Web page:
Fortunately for Blair, the Orioles squad of the late-1960s was stacked with an offensive arsenal that propelled the team to four World Series appearances in six years. Future Hall of Famers in first baseman Boog Powell, third baseman Brooks Robinson, and outfielder Frank Robinson combined to form a lineup with which most teams could not compete. Despite all his fancy footwork and jaw-dropping catches in the outfield, it is an offensive moment that Blair treasured as one of his most cherished memories. In 1966 Baltimore made it to the World Series for the first time in the history of the ballclub. The team faced the Los Angeles Dodgers, the defending champions. The Orioles won by beating the Dodgers in four straight games, a World Series sweep. In game three in Los Angeles, with the scored tied at zero, Blair hit a monster 430-ft. homerun and the Orioles won by a score of 1-0. Game four brought the series back to Baltimore where the team would clinch its first championship.
Years later, during another championship season, a terrifying moment occurred on May 31, 1970 in a game against the California Angels when Blair was hit in the face with a pitch thrown by reliever Ken Tatum. The star centerfielder sustained a shattered nose and other facial fractures, including eye damage. Although Blair fully recovered from the incident and went on to play ten more seasons, he never again equaled the season he had in 1969. A lingering fear of being hit again caused him to consult a hypnotherapist. At one point during the 1971 season, he tried switch-hitting, but cut the effort short after hitting a miserable .193 in 57 at-bats.
In his book, From 33rd street to Camden Yards: An Oral History of the Baltimore Orioles, John Eisenberg describes the moment Blair fell after taking the pitch to the face “as if he were a losing gunslinger in a western movie.” Eisenberg additionally noted that Blair “missed three weeks after the beaning and came back to finish with 18 home runs and 65 RBI, but he seldom produced that well over the rest of his career, and some speculated he was never the same at the plate.”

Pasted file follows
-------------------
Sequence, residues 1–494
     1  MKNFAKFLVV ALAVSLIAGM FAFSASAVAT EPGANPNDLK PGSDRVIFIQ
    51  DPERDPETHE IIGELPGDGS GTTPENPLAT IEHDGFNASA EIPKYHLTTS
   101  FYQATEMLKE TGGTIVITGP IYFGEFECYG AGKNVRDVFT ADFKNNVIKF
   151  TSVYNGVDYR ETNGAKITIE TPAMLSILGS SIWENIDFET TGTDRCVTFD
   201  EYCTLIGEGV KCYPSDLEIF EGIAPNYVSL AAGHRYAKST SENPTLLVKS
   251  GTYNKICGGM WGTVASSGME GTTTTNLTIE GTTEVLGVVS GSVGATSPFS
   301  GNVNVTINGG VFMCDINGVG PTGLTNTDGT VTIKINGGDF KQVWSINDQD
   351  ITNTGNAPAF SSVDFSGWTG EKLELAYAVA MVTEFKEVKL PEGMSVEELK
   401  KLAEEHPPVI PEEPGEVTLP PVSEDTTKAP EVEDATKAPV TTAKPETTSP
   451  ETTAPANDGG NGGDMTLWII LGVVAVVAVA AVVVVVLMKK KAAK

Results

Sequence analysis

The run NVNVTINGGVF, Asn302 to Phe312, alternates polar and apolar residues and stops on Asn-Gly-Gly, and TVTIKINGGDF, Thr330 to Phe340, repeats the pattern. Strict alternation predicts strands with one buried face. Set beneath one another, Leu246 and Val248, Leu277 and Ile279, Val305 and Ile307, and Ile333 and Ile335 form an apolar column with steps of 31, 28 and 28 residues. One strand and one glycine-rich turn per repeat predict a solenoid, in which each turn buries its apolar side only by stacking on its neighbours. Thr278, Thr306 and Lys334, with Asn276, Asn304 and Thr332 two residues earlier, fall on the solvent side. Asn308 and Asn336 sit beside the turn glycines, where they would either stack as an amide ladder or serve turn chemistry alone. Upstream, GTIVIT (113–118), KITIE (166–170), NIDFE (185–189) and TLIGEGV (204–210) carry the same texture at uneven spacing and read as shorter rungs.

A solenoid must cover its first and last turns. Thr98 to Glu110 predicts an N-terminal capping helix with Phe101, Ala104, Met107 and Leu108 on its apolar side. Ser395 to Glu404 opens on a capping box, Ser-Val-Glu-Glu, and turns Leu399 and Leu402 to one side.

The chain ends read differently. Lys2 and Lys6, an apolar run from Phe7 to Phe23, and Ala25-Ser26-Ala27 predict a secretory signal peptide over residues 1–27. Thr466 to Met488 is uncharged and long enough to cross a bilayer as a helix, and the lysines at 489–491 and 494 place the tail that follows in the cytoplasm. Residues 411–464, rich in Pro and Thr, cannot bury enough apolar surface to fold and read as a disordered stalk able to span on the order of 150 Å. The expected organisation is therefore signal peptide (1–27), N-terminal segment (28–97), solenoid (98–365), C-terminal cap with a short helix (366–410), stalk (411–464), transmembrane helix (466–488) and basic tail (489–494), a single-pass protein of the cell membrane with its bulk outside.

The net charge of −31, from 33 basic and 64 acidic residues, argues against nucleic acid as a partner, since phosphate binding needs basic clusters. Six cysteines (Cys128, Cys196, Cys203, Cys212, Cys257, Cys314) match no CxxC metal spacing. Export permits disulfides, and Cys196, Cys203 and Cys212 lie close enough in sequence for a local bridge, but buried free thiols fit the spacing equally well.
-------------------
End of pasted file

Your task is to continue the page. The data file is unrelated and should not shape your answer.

In the same book, however, Blair was quoted as defending his performance following the injuries: “I was out twenty-one days, and they threw me back in there and I hit .304 the rest of the season. People say, ‘After you got hit you didn’t hit the same,’ but I did. Before I got hit I stood on top of the plate. After I got hit I stood on top of the plate.” Blair explained his diminishing performance in the years that followed as related to the departure of fellow outfielder Frank Robinson, who always batted directly after Blair in the lineup. Robinson’s spectacular offensive talent often forced pitchers to pitch well to Blair for fear of walking him and having to face the threatening Robinson. “With him behind me,” Blair told Eisenberg, “I knew at two and oh or three and one counts what they’d throw me. They’re not going to walk Paul Blair to get to Frank Robinson, so they’re going to throw me a fastball. After Frank was gone, they were throwing breaking balls, too. And the slider was a pitch I had problems with. I wasn’t disciplined enough to take those pitches and walk. And that was my biggest downfall right there.”
Blair’s signature style of opinionated self-promotion surfaced in his assessment of the 1970 team: “I was so proud of the way we came back in ’70 and won 108 ball games and became the world champions. Everybody just figured the Big Red Machine was going to roll all over us. We made ’em a little toy wagon. And I led everybody in hitting. Don’t nobody know that but me because Brooks had such a fantastic World Series, but I hit .474. Out-hit everybody in there.”
Although Blair’s career in the Major Leagues was full of winning teams, he could never quite translate such success as a coach. At Fordham University in 1983 he only managed a 14-19 record. Upon inheriting a fledgling program at Coppin State in the late-1990s, Blair tried to enhance the team with his efforts to get a new ball diamond built closer to campus, but his efforts amounted to a disappointing record of 30-185 in five seasons. Though Blair’s pride in his playing days and ability remains intact, his focus seems to have shifted since becoming a coach. In 2001, while still at Coppin State, he told the Baltimore Sun he would be content to remain with the team “as long as the kids are learning, improving, and enjoying the program.”
Eisenberg, John, From 33rd Street to Camden Yards: An Oral History of the Baltimore Orioles, Contemporary Books, 2001.
Baltimore Sun, May 11, 2001, p. 7D; May 22, 2002, p. 9D.
Sport, July 1985, p. 64.
Major League Baseball News, www.mlb.com
–Benjamin M. Branham